The Lallukka Artists’ Home designed by architect Gösta Juslen is hailed as one of the landmarks of Finnish functionalism. When completed in 1933, this residential and studio building, built with funds left by Juho Lallukka in his will, was the first building in Finland specifically intended for artists. As an artist-residence institution, it is unique even by international standards.
The building, which is still being used for its original intended purpose, was listed in 2012 because of its architectural, cultural, personal and historical significance and its contribution to the urban landscape. Of special interest are the rare interiors of the 1930s with impressive and lavish common areas splendid in their finish and colour, as well as the cosy and airy studios.
A major renovation project was carried out during 2012–2017 with substantial funding from a number of financiers that helped secure the future of this valuable building and the artist community. In the course of the renovation, the technical building systems were upgraded; the roof, original windows, external wall plastering and paintwork were repaired; bathrooms and kitchens were modernised and valuable interiors restored.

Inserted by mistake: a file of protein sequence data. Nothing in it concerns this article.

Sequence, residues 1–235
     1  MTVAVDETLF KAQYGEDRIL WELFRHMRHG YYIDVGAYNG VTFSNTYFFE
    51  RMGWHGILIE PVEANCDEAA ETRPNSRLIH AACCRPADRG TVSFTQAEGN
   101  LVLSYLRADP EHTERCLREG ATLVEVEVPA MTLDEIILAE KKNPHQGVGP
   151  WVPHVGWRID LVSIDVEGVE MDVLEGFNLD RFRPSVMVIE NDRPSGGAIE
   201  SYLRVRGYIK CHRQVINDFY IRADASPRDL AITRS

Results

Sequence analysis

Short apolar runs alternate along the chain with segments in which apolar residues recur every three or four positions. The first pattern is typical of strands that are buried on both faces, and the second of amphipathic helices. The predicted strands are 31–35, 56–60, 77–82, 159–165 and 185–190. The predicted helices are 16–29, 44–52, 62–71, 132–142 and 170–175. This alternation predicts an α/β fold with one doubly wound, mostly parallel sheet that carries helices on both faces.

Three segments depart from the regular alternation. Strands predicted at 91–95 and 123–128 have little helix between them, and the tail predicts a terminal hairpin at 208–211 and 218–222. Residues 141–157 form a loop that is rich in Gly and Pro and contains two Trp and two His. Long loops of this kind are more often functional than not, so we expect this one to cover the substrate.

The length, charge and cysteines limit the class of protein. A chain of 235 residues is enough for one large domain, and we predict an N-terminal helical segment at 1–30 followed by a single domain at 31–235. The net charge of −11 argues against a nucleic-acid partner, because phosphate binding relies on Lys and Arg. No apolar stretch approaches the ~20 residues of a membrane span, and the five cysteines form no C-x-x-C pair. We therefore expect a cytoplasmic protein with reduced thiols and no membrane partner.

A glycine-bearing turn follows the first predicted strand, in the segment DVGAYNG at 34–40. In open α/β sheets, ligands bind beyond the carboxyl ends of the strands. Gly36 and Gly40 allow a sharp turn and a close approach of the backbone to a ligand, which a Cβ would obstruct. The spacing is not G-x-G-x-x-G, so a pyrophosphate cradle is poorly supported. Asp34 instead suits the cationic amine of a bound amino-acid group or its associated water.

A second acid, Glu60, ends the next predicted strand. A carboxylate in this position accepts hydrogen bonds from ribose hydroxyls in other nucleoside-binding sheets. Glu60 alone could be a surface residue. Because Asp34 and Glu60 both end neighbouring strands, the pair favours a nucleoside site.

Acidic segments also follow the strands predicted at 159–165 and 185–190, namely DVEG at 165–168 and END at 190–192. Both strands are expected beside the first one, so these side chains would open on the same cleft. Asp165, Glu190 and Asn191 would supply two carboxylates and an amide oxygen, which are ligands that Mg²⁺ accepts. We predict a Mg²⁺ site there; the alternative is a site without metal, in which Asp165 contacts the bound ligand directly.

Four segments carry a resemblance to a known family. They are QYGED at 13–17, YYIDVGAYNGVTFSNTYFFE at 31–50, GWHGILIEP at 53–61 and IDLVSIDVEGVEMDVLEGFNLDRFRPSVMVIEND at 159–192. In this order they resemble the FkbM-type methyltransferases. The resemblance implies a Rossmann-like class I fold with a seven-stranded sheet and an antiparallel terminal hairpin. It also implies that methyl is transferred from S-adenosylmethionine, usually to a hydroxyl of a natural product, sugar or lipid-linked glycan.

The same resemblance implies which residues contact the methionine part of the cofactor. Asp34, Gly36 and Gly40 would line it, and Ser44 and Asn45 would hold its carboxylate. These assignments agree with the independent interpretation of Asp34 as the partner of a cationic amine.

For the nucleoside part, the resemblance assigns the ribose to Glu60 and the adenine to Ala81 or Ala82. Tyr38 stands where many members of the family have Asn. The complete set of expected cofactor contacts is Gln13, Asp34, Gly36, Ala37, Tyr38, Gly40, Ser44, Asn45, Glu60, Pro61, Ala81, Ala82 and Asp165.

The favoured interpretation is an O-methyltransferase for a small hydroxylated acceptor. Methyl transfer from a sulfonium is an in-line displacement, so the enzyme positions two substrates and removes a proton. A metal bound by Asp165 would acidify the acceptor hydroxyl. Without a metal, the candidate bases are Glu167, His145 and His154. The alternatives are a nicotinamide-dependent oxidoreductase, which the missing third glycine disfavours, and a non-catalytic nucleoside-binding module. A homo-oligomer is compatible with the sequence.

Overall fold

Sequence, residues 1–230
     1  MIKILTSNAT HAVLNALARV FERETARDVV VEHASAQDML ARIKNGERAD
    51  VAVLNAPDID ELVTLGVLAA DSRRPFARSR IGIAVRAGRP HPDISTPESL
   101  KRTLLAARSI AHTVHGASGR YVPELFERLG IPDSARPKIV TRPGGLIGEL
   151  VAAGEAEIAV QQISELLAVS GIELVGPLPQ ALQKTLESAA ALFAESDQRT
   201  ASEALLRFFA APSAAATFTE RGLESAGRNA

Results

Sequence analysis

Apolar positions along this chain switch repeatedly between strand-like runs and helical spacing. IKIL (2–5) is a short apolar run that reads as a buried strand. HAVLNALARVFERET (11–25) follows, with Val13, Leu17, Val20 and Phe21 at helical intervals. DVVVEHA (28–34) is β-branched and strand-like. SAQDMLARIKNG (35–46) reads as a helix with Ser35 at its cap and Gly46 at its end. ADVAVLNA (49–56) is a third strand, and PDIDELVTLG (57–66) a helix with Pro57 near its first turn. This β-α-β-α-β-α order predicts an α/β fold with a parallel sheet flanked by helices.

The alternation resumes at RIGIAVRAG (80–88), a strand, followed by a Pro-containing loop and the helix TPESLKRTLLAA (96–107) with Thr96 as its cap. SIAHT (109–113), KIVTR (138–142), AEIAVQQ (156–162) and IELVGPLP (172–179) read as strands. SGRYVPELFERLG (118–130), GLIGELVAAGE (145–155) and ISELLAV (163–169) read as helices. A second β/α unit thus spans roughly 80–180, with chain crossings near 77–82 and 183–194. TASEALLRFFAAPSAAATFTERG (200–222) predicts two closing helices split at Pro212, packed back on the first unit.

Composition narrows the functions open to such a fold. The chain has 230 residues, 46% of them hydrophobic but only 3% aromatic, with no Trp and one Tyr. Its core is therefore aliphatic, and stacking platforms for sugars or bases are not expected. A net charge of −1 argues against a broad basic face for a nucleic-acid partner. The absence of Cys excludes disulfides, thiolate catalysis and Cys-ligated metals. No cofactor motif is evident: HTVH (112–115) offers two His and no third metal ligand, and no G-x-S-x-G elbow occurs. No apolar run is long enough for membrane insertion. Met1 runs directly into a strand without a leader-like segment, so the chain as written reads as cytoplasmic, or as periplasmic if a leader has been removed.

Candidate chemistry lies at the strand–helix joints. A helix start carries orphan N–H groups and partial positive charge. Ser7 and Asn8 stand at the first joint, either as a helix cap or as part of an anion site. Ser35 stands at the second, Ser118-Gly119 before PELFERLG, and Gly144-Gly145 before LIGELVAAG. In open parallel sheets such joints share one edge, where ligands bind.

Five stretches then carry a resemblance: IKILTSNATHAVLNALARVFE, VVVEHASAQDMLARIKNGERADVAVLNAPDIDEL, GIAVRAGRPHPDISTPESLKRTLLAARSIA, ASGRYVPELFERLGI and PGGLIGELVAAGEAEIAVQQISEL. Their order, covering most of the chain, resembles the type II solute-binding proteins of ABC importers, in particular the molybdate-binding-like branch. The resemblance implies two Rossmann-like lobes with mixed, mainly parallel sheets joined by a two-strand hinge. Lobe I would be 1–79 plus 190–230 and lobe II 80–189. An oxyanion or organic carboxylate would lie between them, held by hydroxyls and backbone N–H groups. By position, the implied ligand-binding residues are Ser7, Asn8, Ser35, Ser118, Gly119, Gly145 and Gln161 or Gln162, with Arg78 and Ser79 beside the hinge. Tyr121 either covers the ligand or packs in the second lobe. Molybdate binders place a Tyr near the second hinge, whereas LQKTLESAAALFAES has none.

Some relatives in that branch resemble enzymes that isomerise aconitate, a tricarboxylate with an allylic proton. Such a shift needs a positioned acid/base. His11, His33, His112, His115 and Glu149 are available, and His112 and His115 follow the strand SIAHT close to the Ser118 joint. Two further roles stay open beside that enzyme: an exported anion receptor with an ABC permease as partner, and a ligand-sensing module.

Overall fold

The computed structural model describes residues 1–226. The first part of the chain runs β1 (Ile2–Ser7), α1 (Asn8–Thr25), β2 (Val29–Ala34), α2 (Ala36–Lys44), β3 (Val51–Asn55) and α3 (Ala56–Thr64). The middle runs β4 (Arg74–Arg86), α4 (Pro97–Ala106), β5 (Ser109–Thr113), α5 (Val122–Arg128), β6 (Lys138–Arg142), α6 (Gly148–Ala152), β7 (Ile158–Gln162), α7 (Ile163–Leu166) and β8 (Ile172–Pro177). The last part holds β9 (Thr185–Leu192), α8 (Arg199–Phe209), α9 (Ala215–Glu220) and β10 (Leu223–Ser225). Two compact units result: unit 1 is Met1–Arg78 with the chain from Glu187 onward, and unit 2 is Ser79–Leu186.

The repair plans were made with due regard to the building’s original, powerful architecture. Where possible, the existing spatial concepts were preserved and the extensive recesses and openings that had to be made to accommodate modern technical systems were completed using contemporary materials and techniques.
The repairs were designed by architect Simo Freese while the restorative colour scheme for the common areas was selected by Professor Wilhelm Helander.
The Finlandia Prize for Architecture 2018 shortlist